Revisiting the Moon Tree

I first learned about Moon Trees in the fall of 2015. One of the trees – a loblolly pine – had been planted at an elementary school just down the street from where I was living at the time. It wasn’t a new thing – it was planted back in 1977, during the period when most other Moon Trees where being planted around the country and the world – but because it wasn’t doing too well, it was in the news. Members of the community, concerned about its long-term survival, were pitching in to help keep it alive. Once I was made aware of it, I also became concerned and decided to go check on it. I even wrote a post about it, which you can read here.

Now that nearly 5 years have passed, I figured I should go check on it again. I hadn’t heard any more news about it, so I assumed it was still hanging in there, but who knows? Maybe not. Since I was going to be on that side of town for Father’s Day, I made plans to stop by. My dad hadn’t seen the tree yet, so he decided to join me.

As we approached Lowell Elementary on our bikes, I was half-expecting the tree to be gone. It was in pretty sad shape when the community stepped in to help it. Braced for this possibility, I anxiously peered down the street as we biked closer. When the tree came into view, I felt relief and announced, “There it is!”

All this time later, it still looks a little rough. The majority of its bark remains largely obscured by crusty, dried up sap, and its canopy isn’t as full as it likely would be if it was a picture of health. But it’s alive and, surprisingly enough, still growing taller, reaching for the moon.

Any loblolly pine would feel out of place in Idaho – it’s a species whose distribution spans the southwest region of the United States, which is starkly different from the northwest – however, this individual in particular is an anomaly. The seed it sprouted from took a journey into space, circled the moon a number of times and then, as a sapling, was planted in Idaho (of all places). Now, over 40 years later, it stands as a symbol of resilience. Something we could all use right now, I’m sure.

This sign was installed shortly after my original Moon Tree post.

Boise, Idaho’s Moon Tree in June 2020

My dad by the Moon Tree in Boise, Idaho

Me by the Moon Tree in Boise, Idaho

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Was a Moon Tree planted near you? Is it still around? Tell us about it in the comment section below.

 

Growing Plants on the Moon

You’ve heard about gardening by the moon – an ancient approach to gardening based in folklore and superstition in which planting times are scheduled according to moon phases and astrological signs. Now, how about gardening on the moon! No pseudoscience necessary here. NASA scientists are currently on a mission to determine what it will take to grow plants on the moon in anticipation of setting up a permanent lunar base. After all, if we plan on sending people to the moon to live for long periods of time, we will need to figure out how to grow some food for them up there, right?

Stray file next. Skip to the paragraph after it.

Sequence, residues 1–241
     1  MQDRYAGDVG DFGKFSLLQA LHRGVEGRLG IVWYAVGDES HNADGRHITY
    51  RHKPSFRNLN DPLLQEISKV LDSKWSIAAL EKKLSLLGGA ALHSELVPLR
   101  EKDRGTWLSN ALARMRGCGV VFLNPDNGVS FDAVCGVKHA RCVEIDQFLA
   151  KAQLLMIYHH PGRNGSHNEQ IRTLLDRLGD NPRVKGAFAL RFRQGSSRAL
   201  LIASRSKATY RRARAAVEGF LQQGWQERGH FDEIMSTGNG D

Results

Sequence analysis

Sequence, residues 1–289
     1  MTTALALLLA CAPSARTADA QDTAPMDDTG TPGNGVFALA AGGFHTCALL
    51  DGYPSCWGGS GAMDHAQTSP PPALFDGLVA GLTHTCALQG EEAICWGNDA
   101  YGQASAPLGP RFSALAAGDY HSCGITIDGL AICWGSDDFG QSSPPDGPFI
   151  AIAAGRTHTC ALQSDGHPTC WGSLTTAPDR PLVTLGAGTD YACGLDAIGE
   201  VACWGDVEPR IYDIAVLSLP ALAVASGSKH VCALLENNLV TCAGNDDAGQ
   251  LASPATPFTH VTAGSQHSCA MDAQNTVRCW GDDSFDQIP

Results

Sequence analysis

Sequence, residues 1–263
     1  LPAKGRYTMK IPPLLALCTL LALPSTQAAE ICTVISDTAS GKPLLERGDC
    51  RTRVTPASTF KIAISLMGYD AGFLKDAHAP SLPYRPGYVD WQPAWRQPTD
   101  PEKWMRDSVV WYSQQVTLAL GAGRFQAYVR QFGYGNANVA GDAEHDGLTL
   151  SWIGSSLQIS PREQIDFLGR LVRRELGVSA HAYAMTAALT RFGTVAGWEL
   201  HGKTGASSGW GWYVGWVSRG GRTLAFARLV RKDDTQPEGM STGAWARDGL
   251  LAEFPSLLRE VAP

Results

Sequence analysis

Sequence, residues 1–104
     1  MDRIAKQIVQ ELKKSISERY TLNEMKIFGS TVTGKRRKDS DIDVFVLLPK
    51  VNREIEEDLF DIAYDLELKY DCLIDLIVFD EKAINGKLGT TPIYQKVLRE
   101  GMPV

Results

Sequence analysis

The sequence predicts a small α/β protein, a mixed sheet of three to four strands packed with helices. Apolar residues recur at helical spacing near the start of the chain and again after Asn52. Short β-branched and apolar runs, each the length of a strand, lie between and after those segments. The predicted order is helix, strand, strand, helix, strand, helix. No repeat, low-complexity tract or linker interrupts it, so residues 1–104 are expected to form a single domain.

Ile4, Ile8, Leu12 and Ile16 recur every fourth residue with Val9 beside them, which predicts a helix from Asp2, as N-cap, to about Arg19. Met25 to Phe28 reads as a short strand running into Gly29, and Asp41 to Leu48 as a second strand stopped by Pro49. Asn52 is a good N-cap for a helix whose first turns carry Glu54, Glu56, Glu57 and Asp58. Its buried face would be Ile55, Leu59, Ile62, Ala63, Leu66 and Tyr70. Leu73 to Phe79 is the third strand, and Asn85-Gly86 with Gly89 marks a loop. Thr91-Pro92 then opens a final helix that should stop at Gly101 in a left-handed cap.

The first phase of the study will examine seed germination in a lunar environment and will observe seedlings during the first week or so of their lives. The seeds of cress, basil, and turnip have been selected as the first to be grown on the moon. However, these seeds will experience an environment that seeds of their kind (or any other kind for that matter) have never experienced before, because, unlike the earth, the moon has no atmosphere. Gravity on the moon is one sixth of what it is on earth; solar radiation is intense and direct; and fluctuations in temperature are extreme to put it lightly (about 150°F during the day to -150°F during the night). Oh, and there is one other important limitation: moon soil is dead. To start with, it’s virtually moisture-free. It also has no organic matter content, and it is void of life (compared to a tablespoon of earth soil, which is said to harbor about 50 billion microbes, many of which help sustain plant life).

NASA scientists have considered these limitations. That is why the first seeds on the moon will be grown in a lunar plant growth chamber. This growth chamber is designed to regulate temperature and light and will contain a filter paper inoculated with plant nutrients. Water will be stored inside the growth chamber and released when the chamber reaches the moon. There will be just enough water to induce germination and allow the plants to grow for 5-10 days. Plant growth will be monitored with an onboard camera and then compared to plants grown in a similar growth chamber on earth. Scientists will be observing how well the seeds germinate and grow in a low gravity, high radiation environment.

The first lunar plant growth chamber is scheduled to head for the moon in late 2015. It will be hitching a ride with the winners of the Google Lunar X-prize competition. Based on the results of the first phase of the experiment, following phases will observe sexual reproduction in a lunar environment. If sexual reproduction occurs, what effect will high levels of radiation have on subsequent generations? Only time will tell, so this will be an exciting project to monitor for years to come.

moon

photo credit: wikimedia commons

Do you want to help design future lunar plant growth chambers? Go here.